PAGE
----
Let Love be Genuine
I. The Bride assumes a coy air with her husband and misses an opportunity for manifestation of love. 5:1-8
A. Their married relationship began with perfect unanimity and joy and mutual pleasure. She is called both sister and bride, not because there is a difficulty with consanguinity in the relationship but because he considers her as so fit for his needs that it seems as if she had familial sympathy with him all their lives. – 4:16-5:1
B. At some point she decided to engage in a bit of drama; losing that utter simplicity of sincerity, that unembarrassed delight in her husband. Rather than delighting in the vows that have sealed their relationship, his having set aside all other affections for her and having sought her for his own, she inserts a bit of histrionics into the relationship losing that pure transparency of unquestioned affection for each other.
- She has isolated herself to see if he will come to find her; He does and evidently has been searching for her in the evening damp, finds her, and uses the language of pure love to get her to welcome him to her. Verse 2
- She made flimsy excuses as to why she could not come to the door. It is cold and my outer coat has already been put away for the evening. I might get my feet soiled. This is such an inconvenient situation for I am all ready to go to sleep. Verse 3
- He persists and seeks to open the door, which she had locked. It has worked; she is thrilled for she has made him labor to find her and now he shakes the handle of a locked door seeking to come in. verse 4
- She arose from her bed, now disregarding both cloak and feet, putting on lovely perfume, and goes to unlock the door. All along she wanted him, but she made him earn the right to her, when in fact, that right already was settled and unquestionable. What was a game engineered by pride for her, was, in reality, a denial of the rights of the husband, a trivializing of his transparent commitment, and a severing of the bond of union established by marriage.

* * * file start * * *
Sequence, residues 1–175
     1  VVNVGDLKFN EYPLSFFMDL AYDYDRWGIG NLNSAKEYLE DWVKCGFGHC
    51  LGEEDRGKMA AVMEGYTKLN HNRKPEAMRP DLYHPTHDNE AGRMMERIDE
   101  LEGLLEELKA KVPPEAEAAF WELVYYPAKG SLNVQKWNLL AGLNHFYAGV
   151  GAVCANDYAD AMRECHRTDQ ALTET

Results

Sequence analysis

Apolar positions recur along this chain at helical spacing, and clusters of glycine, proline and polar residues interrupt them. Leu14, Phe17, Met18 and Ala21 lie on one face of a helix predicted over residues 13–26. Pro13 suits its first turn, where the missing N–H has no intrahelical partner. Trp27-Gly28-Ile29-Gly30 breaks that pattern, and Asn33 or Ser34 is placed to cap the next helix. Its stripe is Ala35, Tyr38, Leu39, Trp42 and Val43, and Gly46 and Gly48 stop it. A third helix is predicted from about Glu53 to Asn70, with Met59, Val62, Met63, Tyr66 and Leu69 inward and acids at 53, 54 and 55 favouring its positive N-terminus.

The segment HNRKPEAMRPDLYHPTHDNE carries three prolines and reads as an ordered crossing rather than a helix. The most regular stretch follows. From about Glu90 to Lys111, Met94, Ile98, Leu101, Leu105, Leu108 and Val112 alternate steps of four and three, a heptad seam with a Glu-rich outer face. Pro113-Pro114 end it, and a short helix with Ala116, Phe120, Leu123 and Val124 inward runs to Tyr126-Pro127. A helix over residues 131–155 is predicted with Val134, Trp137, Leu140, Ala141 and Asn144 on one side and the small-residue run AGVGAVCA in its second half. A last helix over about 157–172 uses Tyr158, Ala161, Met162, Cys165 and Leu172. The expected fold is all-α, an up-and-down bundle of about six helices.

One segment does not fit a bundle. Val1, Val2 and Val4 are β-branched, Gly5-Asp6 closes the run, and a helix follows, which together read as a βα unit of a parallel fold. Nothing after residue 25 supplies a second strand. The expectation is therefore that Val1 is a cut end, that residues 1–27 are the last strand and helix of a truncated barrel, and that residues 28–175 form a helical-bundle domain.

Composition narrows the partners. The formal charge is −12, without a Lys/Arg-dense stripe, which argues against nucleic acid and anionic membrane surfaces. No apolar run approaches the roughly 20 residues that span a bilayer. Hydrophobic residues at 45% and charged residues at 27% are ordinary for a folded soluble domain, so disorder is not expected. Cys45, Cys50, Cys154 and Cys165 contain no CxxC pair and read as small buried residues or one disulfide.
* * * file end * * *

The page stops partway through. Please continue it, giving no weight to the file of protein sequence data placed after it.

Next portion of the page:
C. She now realizes that her little hard-to-get game has backfired and has created a break in relationship and an emptiness in her life. Verses 6-8
- When she reaches the door to open it, after having primped and put on perfume, she finds that he has left. Her soul sinks within her and she becomes desperate to find him. She veils herself, goes into the streets at night, calling him and looking feverishly for him. He plays no games, he is not there. Verse 6
- Her irregular behavior gains the attention of the city watchmen and they capture her and treat her roughly because of her apparent disorientation and ultra-inquisitiveness. Perhaps she is a spy, seeking to find a weak spot in the defense of the city and will leave and report some vulnerability to an enemy. One cannot be too careful when one is on watch. Just because the apparent intruder is female does not mean that she is not dangerous. Females had been deceptively deadly in the history of Israel. Her immature ploy left her without the protection and safety that was perfect and abundant with her husband. Her effort at recovery has led to her solitude in a city, in danger and distressed. Verse 7
- She shoves aside all her pretentiousness and addresses the daughters of Jerusalem to help her find him with no uncertain assurance of her overwhelming love for him. Verse 8
II. She expresses her confidence in his love for her and that he will receive her; Verses 5:9-6:3
A. When asked by those she has engaged to look for him as to why he is more to be desired than any other, she tells of all his perfections and closes with an acknowledgement of the perfection of the relationship “This is my beloved and this is my friend.” Verse 5:9-16. Her questioners note that she is “the most beautiful among women. When Christ perfects his bride, the beauty of the redeemed in eternal glorification will never before have been seen among created things. The woman describes the perfection of his appearance in all its dimensions and parts. She even amazes herself that she could have been hesitant to admit him to her room.
- Verse 10 states the general impression made by her love when one sees him. He lights up a room when he enters and draws attention away from all others. His general appearance is “dazzling” and his complexion has a healthy, attractive, riveting, rosy glow, “ruddy.” There is none like him.
- She began with a description of his head and hair (11). The most precious and beautiful of all natural elements, gold, is used as the image for his head. His black hair falls in impressive tresses resembling the symmetry of clusters of dates.
- His eyes are described in terms of a charming natural setting (12) that one would want to gaze upon in an undisturbed manner, like doves bathed in milk beside a stream water.